In the last cover story for Electronic Beats Magazine, Karen O spoke to Lisa Blanning about crushes, songs, and more.
Karen Lee Orzolek AKA Karen O first caught the public eye as the charismatic and often outlandishly dressed frontwoman for Yeah Yeah Yeahs, a trio of art-rocking post-punks from New York who emerged to much acclaim in the early noughties. While their success led to a number of opportunities for the singer-songwriter, it was creative chances she took in soundtrack work with director Spike Jonze and an inspired foray into theater, Stop the Virgens, that revealed the scope of O’s talent. All of that has culminated in her first solo LP, Crush Songs, with compositions as fleeting and lovestruck as the crushes they extol.
Karen, obviously your new album is about crushes, which I like. It’s a universal theme. What’s the biggest lesson you’ve learned from a crush?
It’s just one of the most romantic things that can happen to you, outside of actually falling in love and having it work out. A crush is one of the best parts of either not falling in love or falling in love.
That’s actually a pretty important lesson to learn, I’d say. Anything more? Maybe something more from a specific person that you learned?
In a lot of ways, the nature of a crush is, like, 90 per cent of the time unrequited, you know? And every now and then it actually works out or you get to the next phase with the person that you’re crushing on. But the majority of crushes are fantasy and if you have an overactive imagination like I do, it’s really satisfying because there’s all sorts of things you come up with in your head. And it just seems like it’s really all or nothing on the romantic side of things. There’s not a lot of things in life you get to fantasize about so much.
But now that you’re married [to director Barnaby Clay] it probably changes your relationship with crushes, no?
Yeah, it does, but you still continue it. One thing about life as it carries on, is that there’s always going to be temptation and there’s always going to be crushes down the line. And I think that’s probably a good thing—it spices up things in the bedroom, and other places, as well. You got to keep the fantasy alive.
Your backstory is fascinating: you’re the mixed-race daughter of two immigrants who grew up to be a rock star. So this is like the American dream.
Well, my dad wasn’t an immigrant, my mom was. My dad was second generation. He was born in Massachusetts.
Oh, I see. I find this so disappointing because everywhere in the press they say you have a Korean mother and a Polish father.
My mom is Korean and she came over with my father, but he is full-blooded Polish. That is, he was born and grew up in the States, so he’s American.
Well, that changes things slightly, I guess. I think I read a quote somewhere where you said that you were an “embarrassingly well- behaved child.”
Yeah, yeah, definitely.
So what was it that enabled that well-behaved child to be so out front as a performer?
It’s probably a pretty common theme among the more wild and extroverted performers, you know. When the Yeah Yeah Yeahs were coming up, one of the first bands that we came to Europe with was The Jon Spencer Blues Explosion. Jon Spencer is a very charismatic, sexy performer, and he’s just about the shyest person that I have ever come across in my life. So I grew up very shy, I would say with a rich internal life, but having difficulty being able to express that in my daily life or really be able to access what was going on in the inside. And I did have a sort of exhibitionist streak in me, even when I was really little. But when it came time to start performing, especially with the Yeah Yeah Yeahs, it was like a volcano. There was just all this pent-up energy and maybe frustrated creativity and desire that I hadn’t been able to express because of just being a more shy, awkward person and when I got to the platform of the stage, it came just erupting out.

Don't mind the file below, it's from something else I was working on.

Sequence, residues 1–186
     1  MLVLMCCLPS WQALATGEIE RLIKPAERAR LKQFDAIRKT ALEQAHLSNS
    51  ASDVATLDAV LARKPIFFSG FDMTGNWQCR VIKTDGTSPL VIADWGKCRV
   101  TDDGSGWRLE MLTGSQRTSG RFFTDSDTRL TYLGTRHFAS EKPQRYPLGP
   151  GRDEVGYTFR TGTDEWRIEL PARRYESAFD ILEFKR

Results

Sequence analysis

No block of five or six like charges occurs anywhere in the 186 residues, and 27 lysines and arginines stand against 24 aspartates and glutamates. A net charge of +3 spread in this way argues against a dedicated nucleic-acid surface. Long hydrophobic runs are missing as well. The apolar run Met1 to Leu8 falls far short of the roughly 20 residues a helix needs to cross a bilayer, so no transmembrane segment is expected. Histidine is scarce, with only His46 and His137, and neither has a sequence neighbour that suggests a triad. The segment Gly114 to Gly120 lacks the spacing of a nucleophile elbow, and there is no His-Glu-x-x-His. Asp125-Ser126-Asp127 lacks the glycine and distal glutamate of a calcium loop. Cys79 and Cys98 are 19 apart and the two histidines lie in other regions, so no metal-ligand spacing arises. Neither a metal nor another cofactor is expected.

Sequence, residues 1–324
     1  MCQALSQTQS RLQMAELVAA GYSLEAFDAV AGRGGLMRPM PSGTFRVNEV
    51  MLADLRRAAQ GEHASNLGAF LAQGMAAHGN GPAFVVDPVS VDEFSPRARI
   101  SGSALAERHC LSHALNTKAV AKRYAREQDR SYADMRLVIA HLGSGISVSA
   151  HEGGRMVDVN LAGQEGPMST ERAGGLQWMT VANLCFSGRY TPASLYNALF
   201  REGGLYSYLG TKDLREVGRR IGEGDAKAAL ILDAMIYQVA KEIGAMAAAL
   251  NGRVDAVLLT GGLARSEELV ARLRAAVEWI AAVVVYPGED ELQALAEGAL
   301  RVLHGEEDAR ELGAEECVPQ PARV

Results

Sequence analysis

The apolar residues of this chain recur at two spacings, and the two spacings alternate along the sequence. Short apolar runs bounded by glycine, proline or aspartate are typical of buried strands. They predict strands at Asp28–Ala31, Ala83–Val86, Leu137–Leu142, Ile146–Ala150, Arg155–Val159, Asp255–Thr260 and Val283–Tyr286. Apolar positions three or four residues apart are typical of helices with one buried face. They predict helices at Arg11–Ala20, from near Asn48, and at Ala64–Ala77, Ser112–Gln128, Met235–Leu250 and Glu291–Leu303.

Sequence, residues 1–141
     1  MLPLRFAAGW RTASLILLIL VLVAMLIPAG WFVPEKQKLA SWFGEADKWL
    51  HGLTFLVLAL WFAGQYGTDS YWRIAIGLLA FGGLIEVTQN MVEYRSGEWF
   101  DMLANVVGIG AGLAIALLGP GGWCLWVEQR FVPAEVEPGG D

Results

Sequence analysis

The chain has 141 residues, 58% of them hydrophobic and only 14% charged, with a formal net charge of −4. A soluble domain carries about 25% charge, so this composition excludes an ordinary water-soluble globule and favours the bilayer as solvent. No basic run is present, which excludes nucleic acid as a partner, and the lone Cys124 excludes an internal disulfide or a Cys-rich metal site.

What about the decision to even go on stage in the first place, and not only that, but to be the face and the mouthpiece of the band? For a shy person, I imagine, to take that leap…
It took quite a few margaritas to get me up there, and that’s actually the honest truth. When I was in my teenage years and college years, I got into indie rock music and stuff like that. And that just felt a little bit more accessible to me than trying to be Michael Jackson, you know. I’d check out bands and, again, fantasize about giving that a shot myself. And I had a lot of teenage angst and 20s angst—actually tons of it. It just started to dissipate in my early 30s. But a lot of that angst just triggered me: if people were doing one thing, then I wanted to do the other thing. It’s pretty predictable, but it always worked in my favor. At the time in New York when we started the Yeah Yeah Yeahs, it was a really dead music scene, and also you had audiences that just stood with their arms crossed, silently judging you as you played a show. That was kind of the vibe. So at that time, I think being in my 20s, having a lot of energy that was starting to erupt, having a lot of angst, I just wanted to shake things up. I don’t know, it was an overwhelming desire to do that.
You said that you had an exhibitionist streak when you were younger. How would that manifest itself?